This kimchi pork buns is really addictive. The steamed buns is fluffy and springy, filled with mouthwatering spicy kimchi and moist pork. Learn the trick to creating the BEST filling with only four ingredients! The recipe includes a video so you can easily nail the dish and impress all your friends!
You might have thought this was a Korean dish when you saw the title. The classic combination of the kimchi and pork is indeed very popular and commonly used in Korean cuisine. But my grandparents have been making kimchi and cooking with it for quite some time.
Immigration of Kimchi to China
Back in my grandparents’ day, there were few greenhouse-grown vegetables in China. The only choice of green vegetables in the winter was Chinese cabbage. Every family would store tons of this big cabbage and cook it every day. In order to make monotonous daily meals more interesting, people invented many different ways to cook with Chinese cabbage.
My mom’s family comes from Liaoning, a province in the northeastern part of China (东北, dong bei). If you look at a map of China, you’ll notice that Liaoning and North Korea are adjacent. There is actually a Korean minority in China, and most of its members live in the northeastern area. That is where my grandma learned how to pickle very authentic kimchi at home. Growing up, I never actually thought of kimchi as a foreign item. It has been blended into our daily meals seamlessly, and we cook various types of dishes with it, including kimchi fried rice, kimchi pancake, and kimchi meatball stew.
The Addictive Four-Ingredient Filling
The kimchi bun is something new that I just recently tried. The idea for this evolved from an idea for kimchi dumplings. In the end, I decided that dumplings were too small to wrap the delicious kimchi filling, so I turned them into kimchi buns. This time, I asked for my mom’s assistance in wrapping the buns, since I was standing behind the camera and busy shooting the video! (read: I can’t wrap beautiful buns the way my mom does. Tried, still can’t…)
Why does the filling only contain four ingredients? Because kimchi is so pungent and flavorful by itself. Normally, I’d want to add garlic, green onion and sesame oil to create a standard northern Chinese style filling. But since kimchi already contains garlic and scallion, there is no need to add extra. The only thing I did is to add some soy sauce and cooking wine, to add a bit of saltiness and depth of flavor. The buns turned out so perfectly that I finished six in one sitting, AFTER DINNER!
Making the bun wrappers from scratch might look daunting, but it’s actually very easy. If you’ve ever made bread by yourself, you will find that the logic is essentially the same.
How To Make Perfect Steamed Buns
- Add plenty of water to make a very soft dough. The ratio in this recipe works very well for me every time. But the dough might require a bit more or less water, depending on the type of flour you use. My suggestion is to prepare 200 milliliters (7 ounces) of water and add 170 milliliters (6 ounces) according to recipe at first. If you have trouble blending all the dry flour with chopsticks, add a bit more water to the dry flour and keep mixing, until the dry flour is fully incorporated. If the dough turns too sticky and becomes difficult to handle, dust your hands with plenty of flour and add some dry flour onto the dough to make kneading easier.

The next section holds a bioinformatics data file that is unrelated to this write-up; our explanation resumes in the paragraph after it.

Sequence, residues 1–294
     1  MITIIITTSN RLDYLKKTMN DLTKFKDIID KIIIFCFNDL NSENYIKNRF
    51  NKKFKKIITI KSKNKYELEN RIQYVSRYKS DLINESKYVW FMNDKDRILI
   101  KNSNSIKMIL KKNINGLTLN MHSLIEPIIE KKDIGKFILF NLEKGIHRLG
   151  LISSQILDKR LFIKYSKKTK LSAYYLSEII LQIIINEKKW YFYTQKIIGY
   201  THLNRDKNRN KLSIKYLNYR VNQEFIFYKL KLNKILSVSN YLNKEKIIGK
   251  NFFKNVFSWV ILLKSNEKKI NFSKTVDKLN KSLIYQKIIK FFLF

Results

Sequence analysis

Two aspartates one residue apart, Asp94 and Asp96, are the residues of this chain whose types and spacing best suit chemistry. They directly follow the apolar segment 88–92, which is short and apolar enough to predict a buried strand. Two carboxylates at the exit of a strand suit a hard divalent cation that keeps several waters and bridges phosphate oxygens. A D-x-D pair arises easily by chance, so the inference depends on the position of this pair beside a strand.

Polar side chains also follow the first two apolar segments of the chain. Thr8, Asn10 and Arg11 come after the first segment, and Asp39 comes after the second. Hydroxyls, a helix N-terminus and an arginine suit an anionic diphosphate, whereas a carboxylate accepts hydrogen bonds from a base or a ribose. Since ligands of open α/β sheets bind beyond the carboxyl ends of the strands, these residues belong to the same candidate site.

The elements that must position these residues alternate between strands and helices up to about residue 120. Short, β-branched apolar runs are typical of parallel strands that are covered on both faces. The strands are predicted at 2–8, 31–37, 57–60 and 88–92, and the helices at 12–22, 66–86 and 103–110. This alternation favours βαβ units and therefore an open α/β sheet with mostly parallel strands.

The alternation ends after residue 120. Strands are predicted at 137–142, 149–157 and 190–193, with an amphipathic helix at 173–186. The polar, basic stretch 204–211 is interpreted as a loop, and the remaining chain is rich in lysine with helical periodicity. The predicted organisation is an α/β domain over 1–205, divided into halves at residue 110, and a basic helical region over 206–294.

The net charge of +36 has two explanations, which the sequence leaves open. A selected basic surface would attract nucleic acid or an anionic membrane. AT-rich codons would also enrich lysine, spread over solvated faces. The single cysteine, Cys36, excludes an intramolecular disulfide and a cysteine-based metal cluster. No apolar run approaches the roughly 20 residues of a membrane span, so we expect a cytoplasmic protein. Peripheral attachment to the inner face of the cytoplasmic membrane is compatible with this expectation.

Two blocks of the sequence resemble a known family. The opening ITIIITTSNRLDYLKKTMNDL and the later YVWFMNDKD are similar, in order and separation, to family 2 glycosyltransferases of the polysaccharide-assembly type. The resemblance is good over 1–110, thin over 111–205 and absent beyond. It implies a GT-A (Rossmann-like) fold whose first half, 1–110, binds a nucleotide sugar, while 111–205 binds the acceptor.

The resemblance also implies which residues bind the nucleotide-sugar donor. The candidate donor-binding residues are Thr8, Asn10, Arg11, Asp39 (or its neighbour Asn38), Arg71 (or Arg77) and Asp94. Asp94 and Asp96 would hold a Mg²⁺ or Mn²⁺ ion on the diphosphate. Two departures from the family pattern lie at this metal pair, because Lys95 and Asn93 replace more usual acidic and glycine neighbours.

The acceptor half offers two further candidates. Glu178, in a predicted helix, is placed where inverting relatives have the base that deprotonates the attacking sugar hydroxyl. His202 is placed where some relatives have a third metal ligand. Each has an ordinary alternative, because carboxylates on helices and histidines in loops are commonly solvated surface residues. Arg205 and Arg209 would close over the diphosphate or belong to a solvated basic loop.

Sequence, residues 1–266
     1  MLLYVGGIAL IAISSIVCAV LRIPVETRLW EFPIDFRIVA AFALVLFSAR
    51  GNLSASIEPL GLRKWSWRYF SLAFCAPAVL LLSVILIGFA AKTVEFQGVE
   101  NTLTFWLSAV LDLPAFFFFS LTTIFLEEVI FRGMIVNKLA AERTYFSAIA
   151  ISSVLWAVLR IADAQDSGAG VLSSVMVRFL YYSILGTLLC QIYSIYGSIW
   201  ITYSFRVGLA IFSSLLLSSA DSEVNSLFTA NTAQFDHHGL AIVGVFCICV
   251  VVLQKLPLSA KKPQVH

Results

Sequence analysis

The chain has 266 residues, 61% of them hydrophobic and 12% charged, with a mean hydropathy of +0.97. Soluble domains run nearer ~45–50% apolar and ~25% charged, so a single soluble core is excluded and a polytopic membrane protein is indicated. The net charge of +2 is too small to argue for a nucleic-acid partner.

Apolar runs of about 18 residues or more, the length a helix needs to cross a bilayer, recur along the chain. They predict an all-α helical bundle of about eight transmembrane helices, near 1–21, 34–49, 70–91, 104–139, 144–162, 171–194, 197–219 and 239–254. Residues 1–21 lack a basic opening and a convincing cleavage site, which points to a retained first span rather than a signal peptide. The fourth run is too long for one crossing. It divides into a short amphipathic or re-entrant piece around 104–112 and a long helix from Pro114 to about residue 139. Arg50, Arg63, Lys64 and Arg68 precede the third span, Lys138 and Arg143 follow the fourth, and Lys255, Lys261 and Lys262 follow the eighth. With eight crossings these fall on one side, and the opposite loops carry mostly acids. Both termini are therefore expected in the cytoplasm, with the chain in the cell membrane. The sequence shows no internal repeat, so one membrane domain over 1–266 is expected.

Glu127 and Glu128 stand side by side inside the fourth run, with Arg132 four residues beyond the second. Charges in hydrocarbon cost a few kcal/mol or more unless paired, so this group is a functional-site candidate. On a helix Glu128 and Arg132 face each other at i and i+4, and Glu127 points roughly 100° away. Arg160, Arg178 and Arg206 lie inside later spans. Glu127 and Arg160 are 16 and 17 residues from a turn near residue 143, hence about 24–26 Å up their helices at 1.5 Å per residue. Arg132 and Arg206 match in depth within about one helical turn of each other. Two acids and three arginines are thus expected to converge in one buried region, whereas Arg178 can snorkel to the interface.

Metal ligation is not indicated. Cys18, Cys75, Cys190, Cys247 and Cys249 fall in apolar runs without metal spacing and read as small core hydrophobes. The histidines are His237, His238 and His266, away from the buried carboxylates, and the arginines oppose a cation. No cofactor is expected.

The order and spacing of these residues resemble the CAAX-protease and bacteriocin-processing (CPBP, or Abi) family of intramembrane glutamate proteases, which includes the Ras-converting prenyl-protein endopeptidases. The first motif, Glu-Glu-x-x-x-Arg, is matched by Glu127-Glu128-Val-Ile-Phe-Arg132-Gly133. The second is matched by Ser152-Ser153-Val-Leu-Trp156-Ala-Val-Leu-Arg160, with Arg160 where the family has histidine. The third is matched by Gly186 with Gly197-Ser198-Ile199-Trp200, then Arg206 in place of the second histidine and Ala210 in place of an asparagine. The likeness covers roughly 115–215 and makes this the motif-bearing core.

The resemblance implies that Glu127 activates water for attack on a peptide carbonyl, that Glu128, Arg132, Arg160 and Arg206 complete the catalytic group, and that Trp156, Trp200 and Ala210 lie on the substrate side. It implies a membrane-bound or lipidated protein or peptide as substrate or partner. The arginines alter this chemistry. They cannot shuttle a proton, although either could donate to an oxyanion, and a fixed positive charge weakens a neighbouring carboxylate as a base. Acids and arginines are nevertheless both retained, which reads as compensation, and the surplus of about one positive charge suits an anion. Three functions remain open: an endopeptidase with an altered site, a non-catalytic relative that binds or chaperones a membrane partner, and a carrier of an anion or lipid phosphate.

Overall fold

- Knead the dough until the surface becomes smooth, which means the water is incorporated evenly. It will take a few minutes. Kneading the dough thoroughly the first time will save you a lot of trouble later.
- The fermentation time will vary depending on your room temperature. Check on the dough after two and a half hours. It might need as long as three hours to ferment.
- Don’t panic if the dough becomes a super sticky mess and can’t be held by hand after it has rested. Dust the working surface with plenty of flour and use a plastic spatula (if necessary) to transfer the dough onto the working surface.
- Knead the dough thoroughly and forcefully again, after it has rested, until its size has shrunk nearly to its original size. This will force the bubbles out of the dough, so the finished bun will have an even and smooth surface. If there are air bubbles left, the surface of the bun will be a bit coarse, but its taste won’t be affected.
- Make bigger buns if you’re not familiar with the process, because this will allow you to use thicker wrappers and make it easier to wrap more filling.
- Roll the wrappers so that they have thick centers and thin edges. The finished buns will have the same thickness all over, since you will pinch all the edges together to form a thick knot on the top of the bun.
- Let the buns rest for another 15 to 20 minutes before steaming, so the dough can rise again and the finished buns will be fluffy. This is a crucial step that you should never skip.
I admit this is a long post and the process might sound daunting and difficult. But trust me, if you try it out once, you will find it really easy. Most of the prep time is spent allowing the dough to rest. You only spend 40 minutes in active preparation and cooking. Even if you make a few mistakes, the buns will still turn out delicious. I actually found it easier to make steamed buns than potstickers, because you use thicker wrappers for the buns and don’t need to wrap so many of them to feed a bunch of people.